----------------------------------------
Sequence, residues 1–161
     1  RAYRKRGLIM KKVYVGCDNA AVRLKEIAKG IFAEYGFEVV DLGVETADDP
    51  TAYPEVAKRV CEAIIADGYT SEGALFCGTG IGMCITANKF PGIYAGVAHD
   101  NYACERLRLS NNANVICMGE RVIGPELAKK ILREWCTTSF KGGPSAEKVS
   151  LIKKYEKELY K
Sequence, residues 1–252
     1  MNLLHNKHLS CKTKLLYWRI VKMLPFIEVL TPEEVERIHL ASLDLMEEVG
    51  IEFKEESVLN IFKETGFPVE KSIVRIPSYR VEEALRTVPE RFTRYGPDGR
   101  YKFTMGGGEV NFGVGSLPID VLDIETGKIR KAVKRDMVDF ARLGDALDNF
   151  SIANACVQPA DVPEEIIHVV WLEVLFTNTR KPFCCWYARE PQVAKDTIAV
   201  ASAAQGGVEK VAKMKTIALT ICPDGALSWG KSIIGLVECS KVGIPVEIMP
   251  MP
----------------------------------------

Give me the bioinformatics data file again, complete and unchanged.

Sequence, residues 1–161
     1  RAYRKRGLIM KKVYVGCDNA AVRLKEIAKG IFAEYGFEVV DLGVETADDP
    51  TAYPEVAKRV CEAIIADGYT SEGALFCGTG IGMCITANKF PGIYAGVAHD
   101  NYACERLRLS NNANVICMGE RVIGPELAKK ILREWCTTSF KGGPSAEKVS
   151  LIKKYEKELY K
Sequence, residues 1–252
     1  MNLLHNKHLS CKTKLLYWRI VKMLPFIEVL TPEEVERIHL ASLDLMEEVG
    51  IEFKEESVLN IFKETGFPVE KSIVRIPSYR VEEALRTVPE RFTRYGPDGR
   101  YKFTMGGGEV NFGVGSLPID VLDIETGKIR KAVKRDMVDF ARLGDALDNF
   151  SIANACVQPA DVPEEIIHVV WLEVLFTNTR KPFCCWYARE PQVAKDTIAV
   201  ASAAQGGVEK VAKMKTIALT ICPDGALSWG KSIIGLVECS KVGIPVEIMP
   251  MP